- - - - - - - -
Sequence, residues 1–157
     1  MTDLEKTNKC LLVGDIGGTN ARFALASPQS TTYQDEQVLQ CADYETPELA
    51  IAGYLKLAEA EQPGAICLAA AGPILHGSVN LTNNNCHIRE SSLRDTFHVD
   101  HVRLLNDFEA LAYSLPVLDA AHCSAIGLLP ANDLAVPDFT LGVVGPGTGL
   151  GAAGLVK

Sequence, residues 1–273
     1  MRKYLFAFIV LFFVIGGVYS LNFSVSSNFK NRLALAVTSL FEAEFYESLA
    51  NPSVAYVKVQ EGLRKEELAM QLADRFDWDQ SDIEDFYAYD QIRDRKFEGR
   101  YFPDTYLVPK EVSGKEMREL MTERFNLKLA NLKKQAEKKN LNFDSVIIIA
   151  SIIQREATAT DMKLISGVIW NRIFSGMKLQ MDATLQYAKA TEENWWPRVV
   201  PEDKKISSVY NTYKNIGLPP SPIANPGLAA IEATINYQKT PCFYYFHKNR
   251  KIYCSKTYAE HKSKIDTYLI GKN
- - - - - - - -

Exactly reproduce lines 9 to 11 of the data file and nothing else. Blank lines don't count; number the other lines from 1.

   101  YFPDTYLVPK EVSGKEMREL MTERFNLKLA NLKKQAEKKN LNFDSVIIIA
   151  SIIQREATAT DMKLISGVIW NRIFSGMKLQ MDATLQYAKA TEENWWPRVV
   201  PEDKKISSVY NTYKNIGLPP SPIANPGLAA IEATINYQKT PCFYYFHKNR